The HECM for Purchase is a relatively new, little-known loan that helps retirees sell their existing home and buy a smaller (or more age-accessible) home without paying closing costs twice. With this loan type you will need to make a sizable down payment—roughly half of the purchase price of the new home.

No matter which type of reverse mortgage you settle on, all come with the same pros and cons to consider.

Pro #1: A Reverse Mortgage Lets You Spend Equity Without Selling

If you’re in a position to qualify for an HECM, you’ve likely spent years paying off your traditional home loan until it’s become a tidy nest egg. With a reverse mortgage, you can pull out a portion of that equity without selling the home as a means to access its cash value. You continue living in the property and the title remains in your (the homeowner’s) name.

How does this work?

A reverse mortgage functions in a similar fashion to a Home Equity Line of Credit, where a bank lends you cash using your home’s equity as collateral. Those funds are then available to you as a lump sum, a line of credit, or in monthly installments paid to you.

Nile Lundgren, a top New York agent and Bloomberg TV commentator, who was named Executive of the Month by the New York Real Estate Journal, understands why this type of loan is attractive to some retirees:

“For Americans who don’t have retirement savings, the home they own free and clear may be the most effective way to fund a retirement. What makes a reverse mortgage so appealing is that retired homeowners can turn the value of the home into cash without moving or having to make monthly payments.”

Pro #2: No Monthly Payment to Make with Reverse Mortgages

That’s right. Unlike a traditional home equity loan, retirees can access their home’s equity without making monthly mortgage payments to the lender.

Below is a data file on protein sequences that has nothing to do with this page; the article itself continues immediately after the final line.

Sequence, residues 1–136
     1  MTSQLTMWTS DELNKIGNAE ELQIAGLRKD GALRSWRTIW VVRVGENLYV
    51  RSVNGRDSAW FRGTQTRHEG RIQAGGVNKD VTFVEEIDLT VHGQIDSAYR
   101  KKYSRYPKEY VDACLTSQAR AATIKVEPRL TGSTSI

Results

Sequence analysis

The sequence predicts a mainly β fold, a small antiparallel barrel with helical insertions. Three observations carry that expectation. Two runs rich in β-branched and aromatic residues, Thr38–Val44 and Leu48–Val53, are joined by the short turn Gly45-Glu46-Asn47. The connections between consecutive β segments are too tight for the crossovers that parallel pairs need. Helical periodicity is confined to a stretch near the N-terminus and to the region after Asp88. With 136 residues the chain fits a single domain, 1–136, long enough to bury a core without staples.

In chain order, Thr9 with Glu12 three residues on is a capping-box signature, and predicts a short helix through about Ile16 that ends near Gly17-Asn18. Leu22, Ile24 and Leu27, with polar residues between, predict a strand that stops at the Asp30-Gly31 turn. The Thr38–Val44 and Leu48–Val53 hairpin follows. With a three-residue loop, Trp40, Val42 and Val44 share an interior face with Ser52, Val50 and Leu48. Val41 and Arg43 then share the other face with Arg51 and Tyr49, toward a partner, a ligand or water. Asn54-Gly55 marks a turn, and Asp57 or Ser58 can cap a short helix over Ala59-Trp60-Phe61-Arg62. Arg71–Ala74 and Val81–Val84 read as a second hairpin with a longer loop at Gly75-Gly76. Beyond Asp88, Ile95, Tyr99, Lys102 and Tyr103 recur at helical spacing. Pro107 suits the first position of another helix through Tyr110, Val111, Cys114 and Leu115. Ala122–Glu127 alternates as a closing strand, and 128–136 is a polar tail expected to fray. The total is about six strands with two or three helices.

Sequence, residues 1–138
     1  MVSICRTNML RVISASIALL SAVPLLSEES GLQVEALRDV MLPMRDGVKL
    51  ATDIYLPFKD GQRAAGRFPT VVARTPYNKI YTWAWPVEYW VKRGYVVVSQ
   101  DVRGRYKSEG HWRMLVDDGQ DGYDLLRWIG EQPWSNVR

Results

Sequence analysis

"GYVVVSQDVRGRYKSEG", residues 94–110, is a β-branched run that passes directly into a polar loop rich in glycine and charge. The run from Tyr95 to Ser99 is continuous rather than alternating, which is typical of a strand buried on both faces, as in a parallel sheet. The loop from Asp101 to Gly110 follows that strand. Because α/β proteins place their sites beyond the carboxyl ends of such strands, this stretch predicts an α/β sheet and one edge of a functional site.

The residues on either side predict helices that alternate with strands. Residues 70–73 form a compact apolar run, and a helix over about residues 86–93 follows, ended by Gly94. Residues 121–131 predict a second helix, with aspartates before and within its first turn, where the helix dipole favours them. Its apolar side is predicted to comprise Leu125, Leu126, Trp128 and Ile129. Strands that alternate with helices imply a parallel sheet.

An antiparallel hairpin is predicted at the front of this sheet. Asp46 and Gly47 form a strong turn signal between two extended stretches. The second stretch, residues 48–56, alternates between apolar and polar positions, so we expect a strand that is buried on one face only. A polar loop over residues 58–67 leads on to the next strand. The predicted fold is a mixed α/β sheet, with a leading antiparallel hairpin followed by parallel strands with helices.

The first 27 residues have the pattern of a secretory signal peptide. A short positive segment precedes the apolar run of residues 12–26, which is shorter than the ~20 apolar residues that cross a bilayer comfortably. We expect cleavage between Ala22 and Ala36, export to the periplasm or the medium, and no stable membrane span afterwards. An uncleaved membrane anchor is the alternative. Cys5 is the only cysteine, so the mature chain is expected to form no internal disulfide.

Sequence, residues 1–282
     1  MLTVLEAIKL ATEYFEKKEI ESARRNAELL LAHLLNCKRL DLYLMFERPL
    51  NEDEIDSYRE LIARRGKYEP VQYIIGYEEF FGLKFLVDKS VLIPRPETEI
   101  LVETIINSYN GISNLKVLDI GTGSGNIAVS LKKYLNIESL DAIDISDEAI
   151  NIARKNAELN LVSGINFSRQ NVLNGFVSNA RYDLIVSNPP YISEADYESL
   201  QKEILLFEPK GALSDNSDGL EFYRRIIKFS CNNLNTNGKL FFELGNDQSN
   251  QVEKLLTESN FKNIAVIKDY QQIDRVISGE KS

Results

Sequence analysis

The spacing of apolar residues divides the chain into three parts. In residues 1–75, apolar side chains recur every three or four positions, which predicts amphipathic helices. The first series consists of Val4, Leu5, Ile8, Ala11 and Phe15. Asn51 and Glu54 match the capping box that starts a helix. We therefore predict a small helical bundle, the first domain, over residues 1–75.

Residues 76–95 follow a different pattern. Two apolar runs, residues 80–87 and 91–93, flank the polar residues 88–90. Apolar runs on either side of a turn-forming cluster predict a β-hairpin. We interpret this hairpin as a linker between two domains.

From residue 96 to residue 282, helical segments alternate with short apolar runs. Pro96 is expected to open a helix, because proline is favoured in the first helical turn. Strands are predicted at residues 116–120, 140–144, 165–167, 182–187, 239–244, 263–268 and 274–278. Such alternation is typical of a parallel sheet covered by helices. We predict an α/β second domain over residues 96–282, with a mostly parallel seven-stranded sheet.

Instead, the bank pays you, providing retirees with a reliable source of income. And this income source is typically tax-free because it’s considered a loan advancement, not (taxable) earned income.

You won’t need to pay back the reverse mortgage monthly, but that doesn’t mean you’re completely free from house-related bills. You are still financially responsible for things like property taxes, utilities, and home insurance payments.

Pro #3: Funds Give You Financial Freedom to Delay Collecting Social Security

Taking out a reverse mortgage is also one way to delay claiming Social Security benefits. Social Security benefits increase annually between the ages of 62 and 70, which is why some retirees decide to wait to claim them.

Taking out a reverse mortgage is also one way to delay claiming Social Security benefits.
Credit: SSA.gov

If you retire in your early 60s but want to wait until you’re eligible to receive the maximum Social Security benefits, a reverse mortgage can serve as a source of income to cover your expenses in the meantime.

These are just a few of the potential benefits to taking out a reverse mortgage, but there are drawbacks, too.

Con #1: You’re Spending Down Your ‘In Case of Emergency’ Equity

A reverse mortgage is a great way for you as a homeowner to find greater financial freedom in retirement—however, when you tap into your home’s equity, you are risking that it will eventually be tapped out.

Although a reverse mortgage doesn’t require a monthly payment, it’s still a loan that must eventually be paid off. Lundgren explains: